Panicle Hydrangeas are the easiest to grow of all hydrangeas. Distinguished by their conical flower clusters which are huge football sized blooms, the flowers are hardy and pretty. Panicle hydrangeas change their hues from green to white to lilac to pink in the fall and finally to brown.

Smooth hydrangeas

They are also known as Wild hydrangeas. In cooler areas, smooth hydrangeas are planted as substitutes for the mop head cultivars. Its identity is the flowers clusters. They are giant white, blue, pink or green. The leaves are deep green and heart shaped. The leaves turn yellow in fall.  They are fast growing. Due to their spreading nature, they are ideal for erosion control.


Oak leaf Hydrangea




It’s lobed leaves resemble those of the oak trees hence the name. The leaves turn bronze to red to purple or bright red. In summer, oakleaf hydrangeas burst into an elongated, conical clusters of white flowers which later turn into pink or red. Oak leafs prefer shade but will survive hot seasons.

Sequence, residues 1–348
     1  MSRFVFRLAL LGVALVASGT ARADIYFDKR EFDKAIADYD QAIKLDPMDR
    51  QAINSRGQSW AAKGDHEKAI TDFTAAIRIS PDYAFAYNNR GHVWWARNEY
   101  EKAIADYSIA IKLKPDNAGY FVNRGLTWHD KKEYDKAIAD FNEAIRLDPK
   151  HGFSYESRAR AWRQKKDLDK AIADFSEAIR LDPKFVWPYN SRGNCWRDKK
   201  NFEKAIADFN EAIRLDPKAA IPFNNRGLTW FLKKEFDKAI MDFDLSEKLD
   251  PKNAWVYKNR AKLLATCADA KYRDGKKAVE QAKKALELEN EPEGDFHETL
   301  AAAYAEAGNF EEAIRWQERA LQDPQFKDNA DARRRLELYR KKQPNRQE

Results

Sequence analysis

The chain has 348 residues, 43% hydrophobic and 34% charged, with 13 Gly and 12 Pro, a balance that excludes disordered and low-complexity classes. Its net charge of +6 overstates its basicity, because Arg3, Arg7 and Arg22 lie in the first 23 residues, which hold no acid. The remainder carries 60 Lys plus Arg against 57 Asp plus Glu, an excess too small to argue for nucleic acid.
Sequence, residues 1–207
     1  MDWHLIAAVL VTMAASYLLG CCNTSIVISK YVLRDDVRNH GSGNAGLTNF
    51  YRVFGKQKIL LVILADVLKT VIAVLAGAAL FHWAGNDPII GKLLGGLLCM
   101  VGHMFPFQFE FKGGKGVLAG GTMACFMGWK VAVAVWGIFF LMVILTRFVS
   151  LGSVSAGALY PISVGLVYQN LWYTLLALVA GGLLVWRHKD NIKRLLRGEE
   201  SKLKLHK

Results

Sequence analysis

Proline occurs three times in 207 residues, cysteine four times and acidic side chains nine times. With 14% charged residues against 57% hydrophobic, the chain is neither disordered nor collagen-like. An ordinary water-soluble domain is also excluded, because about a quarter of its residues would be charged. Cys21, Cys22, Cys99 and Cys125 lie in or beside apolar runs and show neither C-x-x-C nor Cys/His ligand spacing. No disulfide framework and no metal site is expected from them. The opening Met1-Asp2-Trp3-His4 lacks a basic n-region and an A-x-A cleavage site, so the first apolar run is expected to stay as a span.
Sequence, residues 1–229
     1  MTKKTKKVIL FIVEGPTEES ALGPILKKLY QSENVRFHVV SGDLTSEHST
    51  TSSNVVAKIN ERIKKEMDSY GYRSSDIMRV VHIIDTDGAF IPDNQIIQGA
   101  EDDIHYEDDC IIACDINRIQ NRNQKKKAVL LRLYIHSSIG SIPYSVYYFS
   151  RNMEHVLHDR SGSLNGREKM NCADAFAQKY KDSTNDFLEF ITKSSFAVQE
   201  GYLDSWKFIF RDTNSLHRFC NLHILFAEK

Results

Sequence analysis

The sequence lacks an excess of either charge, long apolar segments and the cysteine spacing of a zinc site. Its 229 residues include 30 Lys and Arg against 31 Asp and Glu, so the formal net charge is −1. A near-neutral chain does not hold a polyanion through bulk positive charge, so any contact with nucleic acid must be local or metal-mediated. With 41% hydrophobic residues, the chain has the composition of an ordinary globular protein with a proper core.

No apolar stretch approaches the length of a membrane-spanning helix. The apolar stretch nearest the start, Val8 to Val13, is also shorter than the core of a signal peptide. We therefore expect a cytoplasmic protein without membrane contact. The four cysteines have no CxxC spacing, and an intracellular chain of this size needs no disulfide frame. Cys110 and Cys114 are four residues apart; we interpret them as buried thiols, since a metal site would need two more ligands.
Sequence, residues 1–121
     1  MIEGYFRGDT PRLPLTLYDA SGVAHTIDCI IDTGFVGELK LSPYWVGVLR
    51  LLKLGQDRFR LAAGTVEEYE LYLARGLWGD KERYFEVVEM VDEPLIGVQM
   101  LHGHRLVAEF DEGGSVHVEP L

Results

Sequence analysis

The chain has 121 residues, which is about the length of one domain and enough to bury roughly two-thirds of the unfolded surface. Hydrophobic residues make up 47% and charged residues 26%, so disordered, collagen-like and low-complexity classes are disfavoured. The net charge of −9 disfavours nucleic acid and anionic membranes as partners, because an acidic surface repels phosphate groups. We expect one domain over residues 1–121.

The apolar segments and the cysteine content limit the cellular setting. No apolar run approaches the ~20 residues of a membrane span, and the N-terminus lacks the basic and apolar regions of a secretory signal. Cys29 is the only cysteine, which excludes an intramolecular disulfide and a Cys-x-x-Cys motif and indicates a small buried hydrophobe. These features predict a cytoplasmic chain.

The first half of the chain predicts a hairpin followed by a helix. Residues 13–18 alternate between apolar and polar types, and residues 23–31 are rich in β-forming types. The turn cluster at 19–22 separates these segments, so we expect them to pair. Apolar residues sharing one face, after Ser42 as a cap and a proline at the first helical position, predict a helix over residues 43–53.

Climbing Hydrangeas (H. petiolaris).


This hydrangea is distinct because it trails through aerial rootlets that cling to surfaces and clings to walls and pergolas. It can be used to aesthetically frame windows creating a romantic façade with its large ,white flattened flowers. Its blooms are similar to those of lacep hydrangeas.

Although a slow grower at first, and takes time to establish, it rapidly takes off and may need to be controlled. You need to prune out crossing branches to prevent bruises occurring from regular rubbing against each other. Such bruises are entry points for diseases.